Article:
The Science Journal of the American Association for Respiratory Care

2009 OPEN FORUM Abstracts

WIRE REINFORCED TRACHEOSTOMY TUBES MAY PRODUCE UNACCEPTABLE SCANNING INTERFERENCE DURING MAGNETIC RESONANCE IMAGING IN CHILDREN – REPORT OF A CASE

Darcy O’Brien-Genrich1, Edward Truemper2; 1Respiratory Care Services, The Nebraska Medical Center, Omaha, NE; 2Department of Pediatrics, Critical CareMedicine, The NebraskaMedical Center,Omaha, NE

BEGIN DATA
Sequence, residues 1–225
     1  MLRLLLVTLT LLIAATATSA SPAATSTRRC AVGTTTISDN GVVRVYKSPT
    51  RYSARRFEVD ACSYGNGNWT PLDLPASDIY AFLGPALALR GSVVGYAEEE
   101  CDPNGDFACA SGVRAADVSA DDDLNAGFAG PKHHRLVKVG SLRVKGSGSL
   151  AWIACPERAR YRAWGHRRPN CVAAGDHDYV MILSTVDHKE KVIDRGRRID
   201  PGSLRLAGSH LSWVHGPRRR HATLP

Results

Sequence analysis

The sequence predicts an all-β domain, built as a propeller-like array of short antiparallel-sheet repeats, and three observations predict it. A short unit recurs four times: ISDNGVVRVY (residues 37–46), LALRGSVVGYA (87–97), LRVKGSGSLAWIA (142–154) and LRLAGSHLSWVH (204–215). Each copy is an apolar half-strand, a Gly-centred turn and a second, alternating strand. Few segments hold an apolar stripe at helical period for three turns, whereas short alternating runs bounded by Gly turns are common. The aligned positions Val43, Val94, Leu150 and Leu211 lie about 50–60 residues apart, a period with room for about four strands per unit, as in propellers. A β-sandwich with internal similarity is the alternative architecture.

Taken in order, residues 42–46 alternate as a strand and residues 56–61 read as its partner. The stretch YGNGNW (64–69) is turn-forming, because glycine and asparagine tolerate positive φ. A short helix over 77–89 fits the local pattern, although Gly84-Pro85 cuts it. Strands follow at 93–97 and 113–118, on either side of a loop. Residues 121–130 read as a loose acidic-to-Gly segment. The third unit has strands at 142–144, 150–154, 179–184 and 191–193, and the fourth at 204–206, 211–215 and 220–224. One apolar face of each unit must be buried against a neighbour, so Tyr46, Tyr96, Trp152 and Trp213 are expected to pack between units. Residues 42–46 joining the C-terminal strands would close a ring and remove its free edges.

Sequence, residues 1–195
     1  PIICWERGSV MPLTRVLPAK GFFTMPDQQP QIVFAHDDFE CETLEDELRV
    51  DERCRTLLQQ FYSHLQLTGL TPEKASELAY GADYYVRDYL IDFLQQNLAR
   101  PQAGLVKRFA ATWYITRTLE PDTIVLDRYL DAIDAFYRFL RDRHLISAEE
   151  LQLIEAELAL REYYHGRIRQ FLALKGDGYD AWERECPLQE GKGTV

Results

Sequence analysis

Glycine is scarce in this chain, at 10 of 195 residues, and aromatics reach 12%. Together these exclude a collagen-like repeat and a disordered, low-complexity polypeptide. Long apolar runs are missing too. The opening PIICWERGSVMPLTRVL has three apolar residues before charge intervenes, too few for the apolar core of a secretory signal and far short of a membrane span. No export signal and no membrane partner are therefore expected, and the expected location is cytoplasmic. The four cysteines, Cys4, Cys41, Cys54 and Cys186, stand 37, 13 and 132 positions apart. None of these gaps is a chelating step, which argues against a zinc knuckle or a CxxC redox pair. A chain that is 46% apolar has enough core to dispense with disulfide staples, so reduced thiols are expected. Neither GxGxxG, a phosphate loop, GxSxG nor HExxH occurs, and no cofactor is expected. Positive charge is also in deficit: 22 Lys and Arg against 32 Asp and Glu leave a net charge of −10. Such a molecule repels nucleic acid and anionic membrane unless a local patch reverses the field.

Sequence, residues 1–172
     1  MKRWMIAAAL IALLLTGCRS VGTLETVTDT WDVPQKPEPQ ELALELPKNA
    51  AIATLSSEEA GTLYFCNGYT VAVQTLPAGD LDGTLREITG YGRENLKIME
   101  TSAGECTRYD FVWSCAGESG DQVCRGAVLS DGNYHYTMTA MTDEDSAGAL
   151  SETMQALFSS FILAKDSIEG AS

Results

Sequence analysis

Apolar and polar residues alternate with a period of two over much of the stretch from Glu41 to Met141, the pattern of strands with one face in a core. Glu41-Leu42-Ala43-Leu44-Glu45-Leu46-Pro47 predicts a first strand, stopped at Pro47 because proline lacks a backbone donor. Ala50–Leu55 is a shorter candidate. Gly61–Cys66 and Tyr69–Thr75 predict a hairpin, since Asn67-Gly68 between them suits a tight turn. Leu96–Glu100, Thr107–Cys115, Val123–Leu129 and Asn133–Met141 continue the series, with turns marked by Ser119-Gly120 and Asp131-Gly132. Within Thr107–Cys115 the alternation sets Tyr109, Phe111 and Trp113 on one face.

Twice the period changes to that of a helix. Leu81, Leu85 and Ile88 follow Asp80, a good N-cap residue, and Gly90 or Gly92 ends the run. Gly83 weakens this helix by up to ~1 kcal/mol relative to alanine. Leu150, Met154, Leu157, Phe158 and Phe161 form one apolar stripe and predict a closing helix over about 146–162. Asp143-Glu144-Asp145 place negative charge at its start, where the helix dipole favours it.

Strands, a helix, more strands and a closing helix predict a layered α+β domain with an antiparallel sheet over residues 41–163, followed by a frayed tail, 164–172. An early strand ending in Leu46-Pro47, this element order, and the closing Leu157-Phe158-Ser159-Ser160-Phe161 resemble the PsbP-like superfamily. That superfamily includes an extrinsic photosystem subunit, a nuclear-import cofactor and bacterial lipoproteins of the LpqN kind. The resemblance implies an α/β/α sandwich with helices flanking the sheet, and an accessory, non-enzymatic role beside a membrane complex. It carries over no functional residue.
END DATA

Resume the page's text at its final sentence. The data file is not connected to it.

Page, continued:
Introduction: Our chronically ventilated pediatric population typically uses custom wire reinforced tracheostomy tubes (TT) manufactured by Bivona® to ensure proper fit and length. Some patients require magnetic resonance imaging (MRI) which precludes most metal containing medical devices because of magnetism and heat production. Changing to a standard length non-wired reinforced tube poses an increased risk such as tube dislodgement during the procedure because of limited monitoring options and line of sight. The Nebraska Medical Center contacted the manufacturer for safety information. According to Smith-Medical®, “When leaving a Bivona® wire reinforced TT in place during an MRI there will be no interference between the magnet and the metal/wire to cause heat damage to the patient or movement of the tracheostomy tube. However the wire may distort the image at the tracheostomy site.” Given this statement, the Respiratory Department was prepared to forgo tube changes prior to MRI scanning if image quality was not compromised. We report a case of a toddler who underwent an MRI of the chest with a Bivona® in place. Case Summary: A 22 month-old-female with a history of primary prematurity, multiple visceral organ transplants and tracheal tube dependency was admitted with severe pulmonary hemorrhage and hypoxic respiratory failure. An MRI of the chest was performed to investigate for a vascular source of the pulmonary bleeding. Because of the potential risks of tracheal tube dislodgment coupled with the need for positive pressure settings to prevent further hemorrhage, the Bivona® was left in place. The initial scans however, revealed considerable image disruption extending upwards to the base of the skull down to the upper abdomen. Image quality was too poor to allow for radiographic interpretation. The TT was changed to a non-reinforced tube and a repeat MRI scan resulted in acceptable images with no image distortion. Discussion: Although Bivona® TT are considered medically safe for MRI; the wire can result in distortion, significantly degrading image quality. Computed tomography should be considered as an imaging option or a non-wire reinforced TT should be substituted in the pediatric population when MRI scanning is required of the head, neck and chest. Changing from custom fit to standard length TT should necessitate increased visual surveillance and direct clinical assessment during the MRI procedure to avoid respiratory compromise. Sponsored Research - None

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